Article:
But even then, there was much to enjoy. Amy Adams, playing “sexy” (after building a career on winsome nose-wrinkling), but at the same time going raw, nearly method, letting her face go uncomposed or, I don’t know, unpretty, shameless, while the camera zooms in for a closeup. She was great to watch, and Cooper and Lawrence kinda kept me engaged just to see how they’d manage the high-wire of their OTT characters. And Jeremy Renner (as Alasdair notes, did you read that post I linked to, dooo it) was really sharp with his uneven principled but still sort-of-shady mayor. And Christian Bale –

– oh man, Christian Bale. Maybe it wasn’t David O. Russell who wasn’t giving me room, maybe it was Bale. Dude has screen presence to burn but when I watch him, I feel like there’s something fundamentally ungenerous about how he plays. Like he’d be happiest of all if his work never had an audience at all, the only viewer there’d ever be would be the cold lens of the camera. It’s a great performance, he holds the film together, he anchors it, and he communicates every beat of the tangled/poorly-explained plot through his performance choices. But it was like an ice cube in an empty glass. I wish the film was centred on Amy Adams instead.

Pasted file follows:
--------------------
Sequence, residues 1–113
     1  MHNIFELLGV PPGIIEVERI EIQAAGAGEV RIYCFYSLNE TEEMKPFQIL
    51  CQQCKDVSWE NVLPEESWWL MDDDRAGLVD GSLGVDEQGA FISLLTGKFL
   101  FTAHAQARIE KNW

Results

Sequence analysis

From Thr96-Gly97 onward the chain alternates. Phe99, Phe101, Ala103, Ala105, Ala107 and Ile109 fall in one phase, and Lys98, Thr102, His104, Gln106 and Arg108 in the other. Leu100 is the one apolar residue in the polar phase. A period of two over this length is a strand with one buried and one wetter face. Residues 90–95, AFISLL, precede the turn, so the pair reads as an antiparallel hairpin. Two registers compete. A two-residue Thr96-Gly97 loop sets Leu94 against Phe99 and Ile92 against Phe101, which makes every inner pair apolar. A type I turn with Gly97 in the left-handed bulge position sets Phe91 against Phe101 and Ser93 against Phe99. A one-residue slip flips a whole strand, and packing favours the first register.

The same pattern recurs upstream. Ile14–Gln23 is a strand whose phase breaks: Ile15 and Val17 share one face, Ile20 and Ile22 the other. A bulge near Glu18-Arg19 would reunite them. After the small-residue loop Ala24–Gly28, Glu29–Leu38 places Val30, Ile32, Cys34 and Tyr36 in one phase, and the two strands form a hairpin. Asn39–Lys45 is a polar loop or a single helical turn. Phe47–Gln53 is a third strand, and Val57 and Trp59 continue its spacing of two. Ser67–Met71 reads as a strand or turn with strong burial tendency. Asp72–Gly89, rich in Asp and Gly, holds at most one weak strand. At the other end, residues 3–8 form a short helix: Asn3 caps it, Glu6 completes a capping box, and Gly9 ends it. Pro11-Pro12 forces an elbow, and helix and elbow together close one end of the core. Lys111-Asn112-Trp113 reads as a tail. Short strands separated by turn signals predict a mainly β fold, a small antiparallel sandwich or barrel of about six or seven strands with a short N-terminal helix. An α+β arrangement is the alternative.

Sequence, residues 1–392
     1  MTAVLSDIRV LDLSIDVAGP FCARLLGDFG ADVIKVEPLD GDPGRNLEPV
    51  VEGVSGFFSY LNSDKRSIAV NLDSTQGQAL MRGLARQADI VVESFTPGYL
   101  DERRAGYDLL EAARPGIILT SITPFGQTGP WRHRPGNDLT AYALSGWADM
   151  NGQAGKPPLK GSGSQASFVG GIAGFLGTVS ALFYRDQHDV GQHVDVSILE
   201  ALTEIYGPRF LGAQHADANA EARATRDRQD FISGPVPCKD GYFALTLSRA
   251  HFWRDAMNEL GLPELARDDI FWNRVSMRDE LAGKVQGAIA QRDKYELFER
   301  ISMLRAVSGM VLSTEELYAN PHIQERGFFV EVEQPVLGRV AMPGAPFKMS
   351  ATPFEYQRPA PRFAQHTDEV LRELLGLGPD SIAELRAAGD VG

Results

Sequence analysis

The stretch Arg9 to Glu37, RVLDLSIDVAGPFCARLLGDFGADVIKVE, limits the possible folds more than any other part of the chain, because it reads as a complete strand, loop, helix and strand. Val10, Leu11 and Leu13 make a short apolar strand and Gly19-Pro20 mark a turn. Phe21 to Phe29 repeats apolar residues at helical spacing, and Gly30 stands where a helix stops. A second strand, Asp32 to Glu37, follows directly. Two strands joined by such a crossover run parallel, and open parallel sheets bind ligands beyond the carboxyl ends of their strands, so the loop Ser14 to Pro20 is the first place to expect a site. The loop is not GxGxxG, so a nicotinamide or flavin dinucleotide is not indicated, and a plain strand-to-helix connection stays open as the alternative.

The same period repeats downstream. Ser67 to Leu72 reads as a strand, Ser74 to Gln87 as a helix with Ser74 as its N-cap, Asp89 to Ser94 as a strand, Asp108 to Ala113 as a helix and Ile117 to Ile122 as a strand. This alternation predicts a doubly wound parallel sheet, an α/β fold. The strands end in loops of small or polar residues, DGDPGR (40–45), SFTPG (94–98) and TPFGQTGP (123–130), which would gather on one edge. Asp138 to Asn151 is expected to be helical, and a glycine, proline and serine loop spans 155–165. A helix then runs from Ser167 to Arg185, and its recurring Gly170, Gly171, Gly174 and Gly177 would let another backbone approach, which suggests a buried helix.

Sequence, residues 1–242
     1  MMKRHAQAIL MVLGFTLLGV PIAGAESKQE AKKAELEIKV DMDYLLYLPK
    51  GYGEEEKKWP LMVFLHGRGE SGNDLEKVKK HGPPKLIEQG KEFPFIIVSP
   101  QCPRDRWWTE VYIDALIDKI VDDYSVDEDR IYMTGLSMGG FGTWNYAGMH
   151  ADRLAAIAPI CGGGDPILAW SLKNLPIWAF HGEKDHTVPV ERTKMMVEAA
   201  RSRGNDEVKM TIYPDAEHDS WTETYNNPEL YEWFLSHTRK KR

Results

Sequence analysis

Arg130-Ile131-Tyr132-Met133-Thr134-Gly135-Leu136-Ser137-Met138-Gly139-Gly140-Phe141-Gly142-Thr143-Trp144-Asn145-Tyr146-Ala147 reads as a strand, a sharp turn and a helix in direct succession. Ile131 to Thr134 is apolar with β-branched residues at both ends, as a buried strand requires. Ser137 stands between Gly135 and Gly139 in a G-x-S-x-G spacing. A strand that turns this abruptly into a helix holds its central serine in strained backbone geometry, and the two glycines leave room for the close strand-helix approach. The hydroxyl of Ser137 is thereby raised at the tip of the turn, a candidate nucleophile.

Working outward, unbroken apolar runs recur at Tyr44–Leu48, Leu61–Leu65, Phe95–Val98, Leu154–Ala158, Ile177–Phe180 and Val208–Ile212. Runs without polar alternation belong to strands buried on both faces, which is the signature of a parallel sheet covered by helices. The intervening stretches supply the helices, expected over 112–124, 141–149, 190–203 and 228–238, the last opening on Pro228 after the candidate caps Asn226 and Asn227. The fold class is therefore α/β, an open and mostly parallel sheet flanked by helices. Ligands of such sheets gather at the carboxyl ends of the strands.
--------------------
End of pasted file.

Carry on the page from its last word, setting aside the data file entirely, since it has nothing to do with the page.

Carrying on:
Oh yeah, the plot, the story, good if you cared enough to pay attention, but you didn’t need to. The two pivot points (the one that gets Bale invited on a very unpleasant limo ride, and the one that leads to Cooper’s comeuppance) are both ostensibly surprises but I expect lots of people would see ’em coming from the moment they get set up. The point is the journey through the plot, not its ability to stay a step ahead of you.

High point of the film: the woozy, boozy counterpoint of Bale/Lawrence/Renner out for dinner intercut with Adams/Cooper out dancing. All the stylistic overkill just flowed. Funny, fun, and another reminder that it is a good thing to see Amy Adams dance.